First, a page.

Next slide.


So, just to highlight our work in our corporate sustainability and really sort of getting our own ducks in a row, on the one side, you'll see that we have made significant progress in reducing our environmental footprint at Blue Cross. Since 2010, we've reduced our electricity usage by almost 60%. We've made significant waste reductions. We're very intentional about the packaging and products that we allow into our buildings. We've reduced our use of paper. We've really become paper free across the majority of our organization. So, we've made progress. We have robust corporate sustainability program, but now we need to take that further. We're working on improving our greenhouse gas accounting practices to better account for our Scope three emissions, which, as we know, are difficult to account for, but could represent a large piece of our missions.


And especially with many of our employees working at home, how does that impact our environmental footprint As an organization? We're working towards carbon neutrality and zero waste. We're also trying to develop a best in class, environmental responsible procurement program. We've been a leader in supplier diversity for a long time, and we want to get our environmental sourcing up to that same standard. So, you know, when we think about individual consumer power, right, we've seen that individual consumer power is key to advancing. Environmental actions, like we saw with BPA when it sort of came out of market, based on the call of the consumer, organizations also have a lot of power with how they use their dollars and they're spending. So, when we procure goods, when we procure services, when we enter into business partnerships, Blue Cross expects those partners to be doing the best that they can for the environment as well and we want to use that power that spending power to really catalyze change.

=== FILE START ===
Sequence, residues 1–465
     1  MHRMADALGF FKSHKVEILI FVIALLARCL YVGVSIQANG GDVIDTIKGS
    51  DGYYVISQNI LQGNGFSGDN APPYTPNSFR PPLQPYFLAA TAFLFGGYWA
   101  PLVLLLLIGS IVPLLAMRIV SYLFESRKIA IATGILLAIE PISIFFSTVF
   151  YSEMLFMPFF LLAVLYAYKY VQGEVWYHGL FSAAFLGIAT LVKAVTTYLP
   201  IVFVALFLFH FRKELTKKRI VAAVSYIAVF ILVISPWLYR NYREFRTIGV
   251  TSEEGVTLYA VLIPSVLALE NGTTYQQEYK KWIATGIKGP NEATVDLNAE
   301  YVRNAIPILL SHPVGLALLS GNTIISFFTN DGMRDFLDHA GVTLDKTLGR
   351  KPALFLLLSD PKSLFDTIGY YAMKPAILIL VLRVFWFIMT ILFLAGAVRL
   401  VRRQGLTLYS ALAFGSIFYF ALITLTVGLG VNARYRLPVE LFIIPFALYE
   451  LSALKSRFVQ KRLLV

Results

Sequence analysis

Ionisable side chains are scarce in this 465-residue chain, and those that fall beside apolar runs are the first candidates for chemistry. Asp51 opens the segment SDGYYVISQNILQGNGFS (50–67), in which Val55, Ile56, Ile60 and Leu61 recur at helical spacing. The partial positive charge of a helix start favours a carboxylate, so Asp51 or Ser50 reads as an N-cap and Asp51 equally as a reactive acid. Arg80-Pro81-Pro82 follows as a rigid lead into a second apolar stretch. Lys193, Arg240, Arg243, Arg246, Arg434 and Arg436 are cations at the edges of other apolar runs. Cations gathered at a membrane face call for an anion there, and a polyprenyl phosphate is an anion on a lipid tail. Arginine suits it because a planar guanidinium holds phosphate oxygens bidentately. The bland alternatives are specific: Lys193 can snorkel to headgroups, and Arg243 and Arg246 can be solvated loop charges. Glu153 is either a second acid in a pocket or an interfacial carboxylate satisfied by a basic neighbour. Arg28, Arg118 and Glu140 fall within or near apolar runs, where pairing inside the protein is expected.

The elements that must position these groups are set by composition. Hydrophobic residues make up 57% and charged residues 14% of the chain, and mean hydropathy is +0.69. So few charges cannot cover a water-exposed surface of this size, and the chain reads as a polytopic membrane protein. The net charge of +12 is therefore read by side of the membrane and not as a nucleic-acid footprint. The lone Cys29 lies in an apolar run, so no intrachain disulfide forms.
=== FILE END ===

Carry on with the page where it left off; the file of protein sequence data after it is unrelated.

The last part of this is helping our associates and employees bring Sustainability home where all adapting to this new remote work environment and many people will stay working from home. So how do we take the practices we've developed for inside our buildings and bring those home to us to our employees at home. So, they're working in healthier environments that they're composting at home and we're incentivizing them in educating them to do so. Next slide please.


We've also expanded our sustainable development goals so previously we've reported on zero hunger, good health and well-being and responsible consumption and production.


Next slide please. Moving forward, we are going to go after three more sustainable development goals, including sustainable cities and communities, climate action, and reducing inequalities. So, we are expanding our reporting and expanding the way we approach our UN Sustainable Development Goals.


Next slide.


The next thing I want to talk about is the work we're doing to advance environmental justice, which is a pillar of our health justice strategy, which is our approach to corporate citizenship at Blue Cross. Next slide.